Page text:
Jacobsen accepts Stewart Award with eye on future
Tuesday, September 17, 2013
ATLANTA – Peter Jacobsen is known just as much for his comedic wit as for his golf game. On Tuesday at the Tour Championship, Jacobsen’s on- and off-course traits were recognized with the prestigious Payne Stewart Award.
The award, given in honor of Jacobsen’s good friend, who died in a 1999 airplane accident, is one of the few ways the PGA Tour honors its own. The award is given to players who exemplify character, charity and sportsmanship.
At 59, Jacobsen has been doing just that for a long time on the PGA Tour and now on the Champions Tour. It’s something that comes naturally for a man who still maintains a home in his native Oregon.
“(Payne) was a dynamic personality – somebody who was as intense a competitor there is in the history of the game but also somebody who knew how to have fun,” Jacobsen said.
Jacobsen won seven times on Tour, but he had to wait until the Champions Tour to get his first major title: the 2004 U.S. Senior Open.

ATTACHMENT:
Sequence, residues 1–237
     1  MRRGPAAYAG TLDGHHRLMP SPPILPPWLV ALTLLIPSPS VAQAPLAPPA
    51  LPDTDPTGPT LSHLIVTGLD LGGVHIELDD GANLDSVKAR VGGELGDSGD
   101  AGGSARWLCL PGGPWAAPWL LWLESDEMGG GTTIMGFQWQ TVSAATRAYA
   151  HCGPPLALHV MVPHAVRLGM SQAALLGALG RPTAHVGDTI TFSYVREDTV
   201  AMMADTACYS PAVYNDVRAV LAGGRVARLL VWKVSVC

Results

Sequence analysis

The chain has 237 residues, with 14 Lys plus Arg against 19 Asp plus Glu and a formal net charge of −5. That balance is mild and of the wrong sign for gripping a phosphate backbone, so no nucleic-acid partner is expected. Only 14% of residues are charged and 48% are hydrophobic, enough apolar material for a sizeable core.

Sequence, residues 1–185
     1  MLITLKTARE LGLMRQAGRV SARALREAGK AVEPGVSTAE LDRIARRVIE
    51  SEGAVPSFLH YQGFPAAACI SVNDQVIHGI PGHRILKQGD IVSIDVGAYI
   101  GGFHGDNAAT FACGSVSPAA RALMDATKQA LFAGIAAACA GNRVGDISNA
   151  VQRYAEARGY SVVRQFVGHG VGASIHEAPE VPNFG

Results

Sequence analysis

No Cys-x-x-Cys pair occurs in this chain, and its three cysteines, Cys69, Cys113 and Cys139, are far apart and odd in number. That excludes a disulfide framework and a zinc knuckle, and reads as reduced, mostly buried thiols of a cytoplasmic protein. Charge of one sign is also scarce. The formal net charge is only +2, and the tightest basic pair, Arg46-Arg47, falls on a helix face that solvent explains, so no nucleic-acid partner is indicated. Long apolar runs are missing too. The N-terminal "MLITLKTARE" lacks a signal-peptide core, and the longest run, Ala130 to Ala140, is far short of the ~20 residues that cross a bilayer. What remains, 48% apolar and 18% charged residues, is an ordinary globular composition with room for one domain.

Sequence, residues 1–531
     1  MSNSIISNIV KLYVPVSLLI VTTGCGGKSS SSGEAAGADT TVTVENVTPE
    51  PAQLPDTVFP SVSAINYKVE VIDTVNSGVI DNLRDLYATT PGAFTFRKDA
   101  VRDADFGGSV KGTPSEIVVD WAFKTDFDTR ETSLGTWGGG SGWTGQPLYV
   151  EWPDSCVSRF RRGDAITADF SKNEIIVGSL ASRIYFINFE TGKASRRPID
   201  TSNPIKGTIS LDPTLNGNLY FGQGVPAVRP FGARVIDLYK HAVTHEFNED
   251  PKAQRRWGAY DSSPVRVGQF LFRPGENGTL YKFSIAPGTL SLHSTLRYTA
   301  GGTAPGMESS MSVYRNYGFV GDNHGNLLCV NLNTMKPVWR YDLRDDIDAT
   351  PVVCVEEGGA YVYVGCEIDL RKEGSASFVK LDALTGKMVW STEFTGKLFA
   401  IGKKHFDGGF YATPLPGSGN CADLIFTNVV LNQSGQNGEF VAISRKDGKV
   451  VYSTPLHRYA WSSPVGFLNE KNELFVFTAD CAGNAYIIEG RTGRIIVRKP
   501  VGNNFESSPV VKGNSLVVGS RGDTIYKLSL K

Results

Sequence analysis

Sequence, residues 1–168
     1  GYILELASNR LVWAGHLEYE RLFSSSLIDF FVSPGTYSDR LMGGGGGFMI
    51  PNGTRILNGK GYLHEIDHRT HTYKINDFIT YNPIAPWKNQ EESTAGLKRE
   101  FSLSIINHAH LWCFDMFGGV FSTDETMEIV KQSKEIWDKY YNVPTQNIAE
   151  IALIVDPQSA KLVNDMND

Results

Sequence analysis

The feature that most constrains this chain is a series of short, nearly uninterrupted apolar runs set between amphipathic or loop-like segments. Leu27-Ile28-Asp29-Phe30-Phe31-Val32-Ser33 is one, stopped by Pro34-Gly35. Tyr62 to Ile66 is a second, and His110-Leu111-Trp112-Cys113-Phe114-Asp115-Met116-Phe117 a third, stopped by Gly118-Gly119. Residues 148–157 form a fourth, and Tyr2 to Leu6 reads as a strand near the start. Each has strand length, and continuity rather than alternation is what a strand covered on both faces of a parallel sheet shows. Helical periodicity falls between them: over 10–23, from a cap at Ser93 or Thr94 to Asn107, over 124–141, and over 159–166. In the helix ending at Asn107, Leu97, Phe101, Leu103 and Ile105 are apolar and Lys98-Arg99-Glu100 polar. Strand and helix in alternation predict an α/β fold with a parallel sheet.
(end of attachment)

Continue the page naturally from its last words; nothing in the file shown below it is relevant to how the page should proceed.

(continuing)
Jacobsen has been instrumental in raising more than $40 million for various nonprofits around the United States (with a strong focus on his native Portland) through charity tournaments and appearances.
“Peter has done wonderful things for the game over the years and has set an example both inside and outside the ropes,” Tour commissioner Tim Finchem said. “His spirit and attitude truly embody the meaning of the Payne Stewart Award.”
Even on one of his biggest days, Jacobsen focused his remarks on the game and his confidence that the younger players are coming up with the same purpose and desires as former award winners Arnold Palmer and Jack Nicklaus.
Now Jacobsen will be one of the players after whom younger Tour golfers might pattern themselves.
“I really don’t see any bad actors on the Tour,” Jacobsen said of the younger generation. “And I’m always looking because I’m a harsh critic when its comes to doing the right thing. I think it’s important to do the right thing. I see a lot of kids out here that do the right thing, and I’m really proud of them doing that.”